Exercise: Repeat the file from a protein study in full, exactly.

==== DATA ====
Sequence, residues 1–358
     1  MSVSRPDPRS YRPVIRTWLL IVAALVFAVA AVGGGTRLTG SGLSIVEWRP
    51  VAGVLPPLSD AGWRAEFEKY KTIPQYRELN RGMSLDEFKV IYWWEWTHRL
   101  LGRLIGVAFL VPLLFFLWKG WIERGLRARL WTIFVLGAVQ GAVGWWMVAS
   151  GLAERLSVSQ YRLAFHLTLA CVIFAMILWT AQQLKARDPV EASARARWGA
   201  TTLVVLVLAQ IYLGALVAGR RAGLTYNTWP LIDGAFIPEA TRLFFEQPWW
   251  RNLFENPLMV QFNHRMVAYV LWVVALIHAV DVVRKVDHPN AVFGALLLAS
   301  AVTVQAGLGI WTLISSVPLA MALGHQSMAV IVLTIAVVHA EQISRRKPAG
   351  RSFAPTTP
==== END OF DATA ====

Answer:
Sequence, residues 1–358
     1  MSVSRPDPRS YRPVIRTWLL IVAALVFAVA AVGGGTRLTG SGLSIVEWRP
    51  VAGVLPPLSD AGWRAEFEKY KTIPQYRELN RGMSLDEFKV IYWWEWTHRL
   101  LGRLIGVAFL VPLLFFLWKG WIERGLRARL WTIFVLGAVQ GAVGWWMVAS
   151  GLAERLSVSQ YRLAFHLTLA CVIFAMILWT AQQLKARDPV EASARARWGA
   201  TTLVVLVLAQ IYLGALVAGR RAGLTYNTWP LIDGAFIPEA TRLFFEQPWW
   251  RNLFENPLMV QFNHRMVAYV LWVVALIHAV DVVRKVDHPN AVFGALLLAS
   301  AVTVQAGLGI WTLISSVPLA MALGHQSMAV IVLTIAVVHA EQISRRKPAG
   351  RSFAPTTP